Ezanullah, one of thousands of young Taliban fighters from the countryside who rode into Afghanistan's capital over the weekend, had never seen anything like it.
The paved streets of Kabul were lined with towering apartment blocks, glass office buildings and shopping malls. The plush furniture inside the Interior Ministry was like “something I thought of in a dream,” said the 22-year-old fighter from the country's mountainous east.
He said he plans to ask his commander if he can stay. “I don’t want to leave,” he said.
The encounter highlights how much Kabul and other Afghan cities have changed in the 20 years since the Taliban, who mainly hail from rugged rural areas, last ruled the country. An entire generation of Afghans has come of age under a modernizing, Western-backed government flush with development aid.
Many fear those gains will be reversed now that the Taliban are back in power and the last U.S. troops are on their way out.
Thousands have flocked to the airport trying to flee, most of them men unaccompanied by families. Younger Afghans have no memory of Taliban rule but fear its return will mean the loss of freedoms. The militants imposed a harsh interpretation of Islamic law from 1996 until 2001, when a U.S.-led invasion drove them from power.
The Taliban, who largely hail from Afghanistan's conservative countryside, have signaled moderation in recent days — offering amnesty to those who fought them, inviting women to return to work and pledging to restore normal life after decades of war. But many Afghans, particularly women, remain deeply skeptical of the group's intentions.
Ezanullah was surprised when two women said hello to him on the street.
“They said we were afraid of you and thought you were horrible," he said. “But I told them you are like my sisters, and we will let you go to school and continue your education and give you security.”
“Just look after your hijab,” he added, referring to the Islamic headscarf that covers the hair but not the face.
Whether or not the Taliban have truly changed, the country they now rule is light years ahead of the one they captured in 1996 after four years of civil war following the Soviet withdrawal and the 1992 collapse of a pro-communist government.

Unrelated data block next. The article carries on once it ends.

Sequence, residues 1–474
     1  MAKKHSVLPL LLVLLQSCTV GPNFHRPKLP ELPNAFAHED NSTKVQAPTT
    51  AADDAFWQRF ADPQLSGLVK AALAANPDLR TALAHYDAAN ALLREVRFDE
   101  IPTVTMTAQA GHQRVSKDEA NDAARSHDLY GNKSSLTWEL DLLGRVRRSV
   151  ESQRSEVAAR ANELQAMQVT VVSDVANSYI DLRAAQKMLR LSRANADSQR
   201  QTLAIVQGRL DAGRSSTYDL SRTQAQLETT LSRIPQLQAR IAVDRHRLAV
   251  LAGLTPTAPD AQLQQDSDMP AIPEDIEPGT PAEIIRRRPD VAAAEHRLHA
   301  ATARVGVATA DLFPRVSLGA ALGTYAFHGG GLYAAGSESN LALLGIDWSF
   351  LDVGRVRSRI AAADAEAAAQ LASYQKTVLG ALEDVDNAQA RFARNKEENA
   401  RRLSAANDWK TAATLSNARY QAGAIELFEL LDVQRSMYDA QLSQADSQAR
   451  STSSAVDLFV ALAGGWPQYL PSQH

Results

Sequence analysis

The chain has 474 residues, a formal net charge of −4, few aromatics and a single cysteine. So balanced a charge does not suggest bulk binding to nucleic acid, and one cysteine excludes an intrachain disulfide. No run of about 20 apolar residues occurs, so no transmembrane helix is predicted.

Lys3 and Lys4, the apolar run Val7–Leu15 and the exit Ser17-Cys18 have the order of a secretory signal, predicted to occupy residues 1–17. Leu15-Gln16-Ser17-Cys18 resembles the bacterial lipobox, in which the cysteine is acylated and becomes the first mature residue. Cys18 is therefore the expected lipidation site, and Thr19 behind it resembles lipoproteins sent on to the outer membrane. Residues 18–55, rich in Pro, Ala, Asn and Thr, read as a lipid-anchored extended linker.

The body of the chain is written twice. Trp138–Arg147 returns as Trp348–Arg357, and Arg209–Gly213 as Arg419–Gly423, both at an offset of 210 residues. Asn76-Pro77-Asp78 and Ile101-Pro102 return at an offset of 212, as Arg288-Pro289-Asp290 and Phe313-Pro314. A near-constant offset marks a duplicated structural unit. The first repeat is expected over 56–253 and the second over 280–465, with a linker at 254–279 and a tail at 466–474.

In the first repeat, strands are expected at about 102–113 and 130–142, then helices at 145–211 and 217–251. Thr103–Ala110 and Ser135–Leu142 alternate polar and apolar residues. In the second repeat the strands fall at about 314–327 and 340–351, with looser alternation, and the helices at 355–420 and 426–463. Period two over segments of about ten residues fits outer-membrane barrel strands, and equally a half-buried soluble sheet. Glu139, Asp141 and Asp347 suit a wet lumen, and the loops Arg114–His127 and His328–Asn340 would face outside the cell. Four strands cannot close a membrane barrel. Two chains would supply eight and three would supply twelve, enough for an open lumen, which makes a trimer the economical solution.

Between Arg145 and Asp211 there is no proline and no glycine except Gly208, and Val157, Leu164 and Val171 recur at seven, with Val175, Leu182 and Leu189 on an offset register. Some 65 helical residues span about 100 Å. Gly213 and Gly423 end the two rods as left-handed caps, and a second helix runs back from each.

Then the city was in ruins, ravaged by warlords who would later ally with the U.S. Most Afghans traveled Kabul's rutted roads by bicycle or in beat-up yellow taxis. There was only one computer in the entire country, and it belonged to Mullah Mohammed Omar, the Taliban's reclusive leader, who did not know how to turn it on.
Under Taliban rule, television and music were forbidden. Women were barred from attending school or working outside the home, and had to wear the all-encompassing burqa whenever they appeared in public.
Today the country is home to four mobile companies and several satellite TV stations with female anchors, one of whom interviewed a Taliban official on Monday. The Taliban fighters themselves carry smartphones and could be seen taking selfies as they marveled at the capital they had rolled into virtually unopposed after 20 years of war.
Videos circulating online appear to show bearded Taliban fighters laughing and horsing around on amusement park rides and in an indoor gym.
Some things have gotten worse since the Taliban were last in power.
The city has been in the grip of a crime wave for years, one many fear will get even worse after prisons and government armories were emptied during the Taliban's advance. One of the few successes of their harsh Islamic rule was the virtual elimination of crime — suspected thieves had their hands chopped off; other criminals were executed in public.
The Taliban have pledged to restore law and order, but that could take time and might lead them to resort to brutal measures. The city's population has quintupled to 5 million over the last two decades. The Taliban, who have had no major presence in Kabul since 2001, have been going door-to-door registering names and collecting weapons in recent days.
In the meantime, many Afghans fear looters posing as the Taliban more than the militants themselves, said Saad Mohseni, owner of the popular Tolo TV network, who elected to stay in the capital after the Taliban takeover.
“These pretend Taliban could be very dangerous, because they are just hoodlums,” he said.
Gannon reported from Guelph, Canada. Associated Press reporter Mukhtar Amiri in Kabul, Afghanistan contributed.
Kathy Gannon, The Associated Press